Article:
Box-Cox Transformation explained

The Box-Cox transformation is to transform the data so that its distribution is as close to a normal distribution as possible, that is, the histogram looks like a bell.

This technique has its place in feature engineering because not all species of predictive models are robust to skewed data, so it is worth using when experimenting. It probably won’t provide a spectacular improvement, although at the fine-tuning stage it can serve its purpose by improving our evaluation metric.

Box-Cox Equation in code

The transformation itself has the following formula

Box-Cox transformation equation

Let’s express them in code using the standard Python library

import math

def box_cox(x, lmbda):
  if lmbda == 0:
    return [math.log(v) for v in x]

  return [(math.pow(v, lmbda) - 1) / lmbda for v in x]

Or using NumPy package

import numpy as np

def box_cox(x: list, lmbda: float):
  if lmbda == 0:
    return np.log(x)

  return (np.power(x, lmbda) - 1) / lmbda

I have the data, but how to select the lambda?

The case is not complicated, we need a normality test, compare its results for several lambdas in the range (customarily) <-5, 5> then choose the one whose test result is the best. An out-of-the-box solution is provided by the SciPy package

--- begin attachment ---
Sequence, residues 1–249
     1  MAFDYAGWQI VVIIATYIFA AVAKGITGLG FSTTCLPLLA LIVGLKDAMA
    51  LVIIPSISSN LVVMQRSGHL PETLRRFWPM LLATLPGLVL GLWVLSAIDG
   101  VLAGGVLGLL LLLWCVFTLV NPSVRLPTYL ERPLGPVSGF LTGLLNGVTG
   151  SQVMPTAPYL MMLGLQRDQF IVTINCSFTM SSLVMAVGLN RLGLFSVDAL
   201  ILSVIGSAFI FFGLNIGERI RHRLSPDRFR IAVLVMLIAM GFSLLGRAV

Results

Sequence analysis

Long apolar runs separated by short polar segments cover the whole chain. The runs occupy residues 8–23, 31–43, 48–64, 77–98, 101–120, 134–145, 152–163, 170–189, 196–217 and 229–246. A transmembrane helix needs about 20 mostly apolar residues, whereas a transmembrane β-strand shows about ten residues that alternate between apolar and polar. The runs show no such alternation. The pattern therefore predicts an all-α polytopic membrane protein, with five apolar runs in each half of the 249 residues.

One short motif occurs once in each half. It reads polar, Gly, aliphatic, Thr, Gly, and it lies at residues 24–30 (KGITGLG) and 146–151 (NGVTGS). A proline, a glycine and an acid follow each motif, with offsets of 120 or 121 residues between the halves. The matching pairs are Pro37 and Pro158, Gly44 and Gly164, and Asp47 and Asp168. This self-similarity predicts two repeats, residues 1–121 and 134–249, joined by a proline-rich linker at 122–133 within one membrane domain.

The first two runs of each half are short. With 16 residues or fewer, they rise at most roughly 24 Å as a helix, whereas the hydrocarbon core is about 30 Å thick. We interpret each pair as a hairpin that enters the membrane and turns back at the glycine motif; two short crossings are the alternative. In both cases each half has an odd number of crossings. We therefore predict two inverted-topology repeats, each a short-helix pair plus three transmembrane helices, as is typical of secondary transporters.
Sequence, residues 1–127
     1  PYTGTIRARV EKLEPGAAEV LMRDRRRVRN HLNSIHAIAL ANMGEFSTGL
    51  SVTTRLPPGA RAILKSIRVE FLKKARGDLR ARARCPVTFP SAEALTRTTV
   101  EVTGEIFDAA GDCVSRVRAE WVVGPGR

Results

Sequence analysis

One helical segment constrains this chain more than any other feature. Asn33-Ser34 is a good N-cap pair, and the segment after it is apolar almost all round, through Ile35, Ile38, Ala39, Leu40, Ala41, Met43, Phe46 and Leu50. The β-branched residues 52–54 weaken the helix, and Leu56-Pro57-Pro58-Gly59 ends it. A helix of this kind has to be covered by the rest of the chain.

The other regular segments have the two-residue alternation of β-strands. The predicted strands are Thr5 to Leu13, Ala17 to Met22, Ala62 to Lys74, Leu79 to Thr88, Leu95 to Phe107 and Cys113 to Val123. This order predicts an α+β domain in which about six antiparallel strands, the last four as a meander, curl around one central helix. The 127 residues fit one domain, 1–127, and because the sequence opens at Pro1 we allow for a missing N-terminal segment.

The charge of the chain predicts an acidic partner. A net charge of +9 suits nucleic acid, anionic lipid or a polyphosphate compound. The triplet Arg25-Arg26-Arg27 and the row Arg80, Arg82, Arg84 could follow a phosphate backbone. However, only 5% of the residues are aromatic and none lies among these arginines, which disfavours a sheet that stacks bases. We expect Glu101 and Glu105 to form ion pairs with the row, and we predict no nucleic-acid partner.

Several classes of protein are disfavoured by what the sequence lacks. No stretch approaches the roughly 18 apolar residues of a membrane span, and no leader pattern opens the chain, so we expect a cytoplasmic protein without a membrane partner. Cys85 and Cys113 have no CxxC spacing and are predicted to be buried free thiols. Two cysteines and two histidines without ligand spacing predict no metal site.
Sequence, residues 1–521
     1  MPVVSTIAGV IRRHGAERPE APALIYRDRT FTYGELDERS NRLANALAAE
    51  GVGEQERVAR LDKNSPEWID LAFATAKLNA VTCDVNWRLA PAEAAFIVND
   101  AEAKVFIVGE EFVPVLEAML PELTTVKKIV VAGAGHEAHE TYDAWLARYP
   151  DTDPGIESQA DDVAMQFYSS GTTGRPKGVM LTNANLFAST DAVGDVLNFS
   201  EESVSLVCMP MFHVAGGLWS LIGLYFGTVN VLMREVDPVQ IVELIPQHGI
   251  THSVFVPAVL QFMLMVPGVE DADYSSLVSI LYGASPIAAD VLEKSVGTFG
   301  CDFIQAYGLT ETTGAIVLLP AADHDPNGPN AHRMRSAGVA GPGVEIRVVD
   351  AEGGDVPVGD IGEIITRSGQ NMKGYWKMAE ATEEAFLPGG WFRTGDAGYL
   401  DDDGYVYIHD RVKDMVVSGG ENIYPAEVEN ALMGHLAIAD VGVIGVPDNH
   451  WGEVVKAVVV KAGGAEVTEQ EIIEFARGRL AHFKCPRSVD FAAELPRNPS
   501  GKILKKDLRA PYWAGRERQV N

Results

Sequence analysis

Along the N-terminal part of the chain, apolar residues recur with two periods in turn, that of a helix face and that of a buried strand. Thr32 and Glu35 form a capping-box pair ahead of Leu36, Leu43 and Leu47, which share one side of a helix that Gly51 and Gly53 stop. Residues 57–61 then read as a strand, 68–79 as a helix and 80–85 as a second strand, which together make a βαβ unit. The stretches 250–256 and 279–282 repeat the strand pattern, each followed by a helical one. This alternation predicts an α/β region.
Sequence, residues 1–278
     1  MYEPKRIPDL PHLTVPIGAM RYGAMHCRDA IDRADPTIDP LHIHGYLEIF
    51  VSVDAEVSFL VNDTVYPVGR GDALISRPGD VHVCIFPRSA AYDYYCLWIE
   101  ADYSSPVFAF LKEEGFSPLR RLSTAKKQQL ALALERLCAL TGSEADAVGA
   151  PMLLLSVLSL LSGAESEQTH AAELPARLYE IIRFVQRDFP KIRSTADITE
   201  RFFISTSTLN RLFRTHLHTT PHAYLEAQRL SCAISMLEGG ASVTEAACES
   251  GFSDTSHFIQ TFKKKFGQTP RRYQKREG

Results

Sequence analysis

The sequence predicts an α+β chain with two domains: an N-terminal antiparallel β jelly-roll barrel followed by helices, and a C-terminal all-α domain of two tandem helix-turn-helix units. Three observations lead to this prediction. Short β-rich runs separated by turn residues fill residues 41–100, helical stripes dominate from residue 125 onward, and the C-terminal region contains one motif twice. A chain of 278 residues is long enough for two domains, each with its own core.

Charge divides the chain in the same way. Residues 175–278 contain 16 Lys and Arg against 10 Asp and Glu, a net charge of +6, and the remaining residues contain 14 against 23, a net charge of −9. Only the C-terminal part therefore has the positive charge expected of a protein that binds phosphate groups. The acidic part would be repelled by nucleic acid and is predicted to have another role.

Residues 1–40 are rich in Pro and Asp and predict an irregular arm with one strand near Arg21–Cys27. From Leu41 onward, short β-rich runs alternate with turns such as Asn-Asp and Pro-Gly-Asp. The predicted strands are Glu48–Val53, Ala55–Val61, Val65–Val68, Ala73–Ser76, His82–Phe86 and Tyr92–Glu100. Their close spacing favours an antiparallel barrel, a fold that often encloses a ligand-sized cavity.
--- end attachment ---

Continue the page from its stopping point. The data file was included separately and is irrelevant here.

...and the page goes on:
When the second argument (lambda) is not given to the box cox function, it will be matched and returned.

Box-Cox in SciPy

The only problem we encounter when using this implementation is the requirement that the input data elements have to be greater than zero. However, we have to just shift the values by the minimum of the dataset.

def shift_to_positive(x):
  min_value = np.min(x)
  if min_value > 0:
    return x, 0
  shift_value = np.abs(min_value) + 1
  return x + shift_value, shift_value

Example for population by state in 2007

The full version of the code can be found in this online notebook, here I will only comment on the results.

Box-Cox example

On the left, we see the distribution of our input data. A keen eye will notice that imposing the logarithm (middle column) perfectly approximates our data to the normal distribution, but the best effect is achieved by using the title transformation (right column)

Box-Cox as a Scikit-learn transformer

Let’s implement it as a ready-to-use scikit-learn transformer, so you can use it in a Pipeline or FeatureUnion. Additionally, it allows you to use it in train/test data split. Remember, lambda has to be picked using train dataset only.

from sklearn.base import (
class BoxCoxTransformer(BaseEstimator, TransformerMixin):
    fitted_lambda: float

    def fit(self, x: np.array) -> BoxCoxTransformer:

        _, self.fitted_lambda = stats.boxcox(x)
        return self

    def transform(self, x: np.array) -> np.array:
        # Note that for x of length = 1 stats.boxcox will raise error
        return stats.boxcox(x, self.fitted_lambda)

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